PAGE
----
Hungarian Prime Minister Viktor Orban announced on 26 August that the country is planning to build a second fence on its southern border with Serbia that would effectively enable it to keep out any major new wave of migrants.
Orban told public radio that the new barrier, which is to be built alongside the existing one, would strengthen defences to respond if Turkey’s policy on migration changed, adding that if that occurred, hundreds of thousands could appear at Hungary’s border. He noted that “technical planning is under way to erect a more massive defence system next to the existing line of defence, which was built quickly (last year).” Orban also disclosed that Hungary had to prepare for the eventuality of a deal between Turkey and the European Union (EU) to clamp down on migration into Europe via the Balkans unravelling, adding, “then if it does not work with nice words, we will have to stop them with force, and we will do so.” He also indicated that Hungary would increase its police presence to 47,000 from 44,000, of which 3,000 will be constantly deployed on the southern border.
A razor-wire fence built along Hungary’s southern border with Serbia and Croatia has sharply reduced the flow of migrants. Last year, hundreds of thousands of migrants moved up from the Balkans towards northern Europe. That flow however has since been reduced to no more than a steady trickle.
Under the existing agreement between Turkey and the EU, Turkey has agreed to help stem the tide of illegal migrants into the bloc in exchange for aid and visa-free travel for Turkish nationals. Turkish President Tayyip Erdogan however has repeatedly stated that European leader are not living up to their side of the pact.
On Friday, Orban and other prime ministers of Central European EU member states, the Visegrad countries, met in Warsaw along with German Chancellor Angela Merkel. Orban stated that the task for politicians was to change a decision by the EU to let in migrants and distribute them based on quotas among member states. Oran stated that “the question is whether Angela Merkel will be willing to change this flawed Brussels decision together with us. Whether she is willing to fight with us for this, or not.” Hunger is due to hold a referendum on 2 October on whether to accept any future EU quota system for resettling migrants.
There has long been a fear that Greece will become the victim of a bottleneck through the Balkans. This often discussed fear has finally become a reality. On March 8, three Balkan nations joined with a growing number of countries imposing increasingly restrictive immigration policies. Slovenia, Serbia and Croatia announced they would only allow people to cross their borders if they already possessed valid visas. This would effectively stop the thousands of migrants in Greece from moving north in an attempt to reach asylum in Germany. Also on March 9, Macedonia announced it would no longer allow migrants to freely enter the country. One report estimated that 13,000-15,000 migrants were currently living in makeshift camps near Greece’s border with Macedonia. Though exact estimates differ, numerous media organizations reported on March 9 that over 35,000 migrants from Iraq, Syria and Afghanistan are currently inside Greece. The number is expected to rise as more migrants land on mainland Greece and islands near the border with Turkey.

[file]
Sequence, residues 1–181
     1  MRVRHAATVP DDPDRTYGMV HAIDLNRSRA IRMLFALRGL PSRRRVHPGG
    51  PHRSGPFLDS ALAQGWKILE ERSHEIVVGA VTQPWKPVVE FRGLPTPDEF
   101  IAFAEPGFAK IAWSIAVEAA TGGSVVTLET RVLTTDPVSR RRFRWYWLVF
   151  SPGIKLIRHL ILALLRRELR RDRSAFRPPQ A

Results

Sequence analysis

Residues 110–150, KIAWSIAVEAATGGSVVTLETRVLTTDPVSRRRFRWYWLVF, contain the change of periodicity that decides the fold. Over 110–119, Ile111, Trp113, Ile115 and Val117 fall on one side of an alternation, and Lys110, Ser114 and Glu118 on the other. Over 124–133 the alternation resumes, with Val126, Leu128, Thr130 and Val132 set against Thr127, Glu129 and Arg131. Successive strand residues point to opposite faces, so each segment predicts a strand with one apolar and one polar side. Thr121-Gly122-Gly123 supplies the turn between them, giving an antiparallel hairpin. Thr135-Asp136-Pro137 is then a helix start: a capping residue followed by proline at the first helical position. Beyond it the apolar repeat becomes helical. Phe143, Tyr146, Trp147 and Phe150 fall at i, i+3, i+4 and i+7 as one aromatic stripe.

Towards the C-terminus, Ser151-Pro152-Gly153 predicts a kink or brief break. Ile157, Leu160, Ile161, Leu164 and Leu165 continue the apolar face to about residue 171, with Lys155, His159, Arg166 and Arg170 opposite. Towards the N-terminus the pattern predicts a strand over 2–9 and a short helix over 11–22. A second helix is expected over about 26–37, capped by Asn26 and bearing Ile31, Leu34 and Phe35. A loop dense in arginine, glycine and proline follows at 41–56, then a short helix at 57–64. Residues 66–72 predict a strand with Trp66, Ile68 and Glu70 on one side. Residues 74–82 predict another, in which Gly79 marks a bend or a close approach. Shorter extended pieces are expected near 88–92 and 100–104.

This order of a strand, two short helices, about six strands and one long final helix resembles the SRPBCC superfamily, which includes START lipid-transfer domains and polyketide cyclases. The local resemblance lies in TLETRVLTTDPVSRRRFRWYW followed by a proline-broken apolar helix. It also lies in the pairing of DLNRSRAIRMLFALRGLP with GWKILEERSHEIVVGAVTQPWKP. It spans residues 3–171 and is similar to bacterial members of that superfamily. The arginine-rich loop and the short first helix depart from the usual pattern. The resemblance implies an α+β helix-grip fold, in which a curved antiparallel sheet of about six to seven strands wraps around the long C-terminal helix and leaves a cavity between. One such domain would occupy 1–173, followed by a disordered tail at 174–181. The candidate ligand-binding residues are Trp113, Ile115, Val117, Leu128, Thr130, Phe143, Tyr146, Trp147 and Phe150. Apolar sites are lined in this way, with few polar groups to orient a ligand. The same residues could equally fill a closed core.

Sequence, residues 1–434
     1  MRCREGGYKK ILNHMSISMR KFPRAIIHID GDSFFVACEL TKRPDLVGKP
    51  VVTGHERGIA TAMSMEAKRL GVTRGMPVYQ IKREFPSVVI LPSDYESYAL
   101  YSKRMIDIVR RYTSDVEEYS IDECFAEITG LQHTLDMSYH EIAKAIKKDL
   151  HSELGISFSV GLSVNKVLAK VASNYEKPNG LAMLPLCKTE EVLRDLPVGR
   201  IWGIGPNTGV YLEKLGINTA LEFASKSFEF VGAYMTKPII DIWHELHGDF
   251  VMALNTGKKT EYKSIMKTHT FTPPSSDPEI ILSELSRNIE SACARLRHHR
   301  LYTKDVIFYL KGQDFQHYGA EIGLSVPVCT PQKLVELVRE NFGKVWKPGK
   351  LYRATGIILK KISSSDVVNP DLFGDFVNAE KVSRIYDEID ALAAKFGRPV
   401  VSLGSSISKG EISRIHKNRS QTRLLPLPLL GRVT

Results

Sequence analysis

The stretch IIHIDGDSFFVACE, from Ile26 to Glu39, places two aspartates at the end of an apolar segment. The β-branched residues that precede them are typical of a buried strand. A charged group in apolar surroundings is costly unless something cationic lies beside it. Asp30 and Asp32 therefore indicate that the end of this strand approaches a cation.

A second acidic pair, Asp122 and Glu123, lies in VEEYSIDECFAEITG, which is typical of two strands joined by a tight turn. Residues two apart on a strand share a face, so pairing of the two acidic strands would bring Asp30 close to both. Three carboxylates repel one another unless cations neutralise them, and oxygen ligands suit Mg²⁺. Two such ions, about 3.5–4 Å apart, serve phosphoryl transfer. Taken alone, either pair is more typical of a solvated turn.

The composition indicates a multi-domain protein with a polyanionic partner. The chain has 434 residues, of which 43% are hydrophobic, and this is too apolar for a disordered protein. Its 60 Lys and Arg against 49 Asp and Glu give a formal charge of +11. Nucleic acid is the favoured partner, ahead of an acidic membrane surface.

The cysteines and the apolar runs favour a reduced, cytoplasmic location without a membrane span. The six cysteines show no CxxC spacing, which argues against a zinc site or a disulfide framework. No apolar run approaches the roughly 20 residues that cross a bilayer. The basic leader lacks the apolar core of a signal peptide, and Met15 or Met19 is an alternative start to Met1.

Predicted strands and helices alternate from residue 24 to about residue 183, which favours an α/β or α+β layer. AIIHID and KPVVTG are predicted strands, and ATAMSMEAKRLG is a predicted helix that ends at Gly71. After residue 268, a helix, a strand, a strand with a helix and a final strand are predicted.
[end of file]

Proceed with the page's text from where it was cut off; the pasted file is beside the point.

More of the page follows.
This last development puts even greater pressure on Greece. However, it also poses new challenges for other countries in the region. Hungary had seen a drop in migrants attempting to enter the country after it built a border fence and increased penalties for entering illegally. According to the Washington Post, over 2500 people were arrested for attempting to enter Hungary in February (far higher than previous months). Bulgaria and Albania have both increased monitoring are their borders with Greece. The Italian Government is particularly concerned migrants about migrants reaching the Albanian cost and then crossing the Adriatic Sea to Italy. As a result, the two countries announced they would conduct joint military patrols in the Adriatic Sea.
The European Union’s latest attempt to handle the crisis has come under considerable public criticism and legal scrutiny. On March 8, EU and Turkish leaders announced a new plan to return discourage further migrants from attempting the dangerous trip to Greece. The plan indicated that all undocumented migrants arriving in Greece would returned to Turkey. In exchange, the Turkish Government had requested that the EU resettle one Syrian migrant for each returned to Turkey (the so-called ‘one for one’ policy). As part of the plan, the EU also pledged to more quickly implement visa-free travel for Turks and faster approval of a €3 billion Euro aid package. The UN High Commissioner for Refugees has criticised the agreement as a violation of the EU’s international obligations and the European Convention on Human Rights. Even if the plan is not stopped by a legal challenge, it is unclear when it would be fully implemented.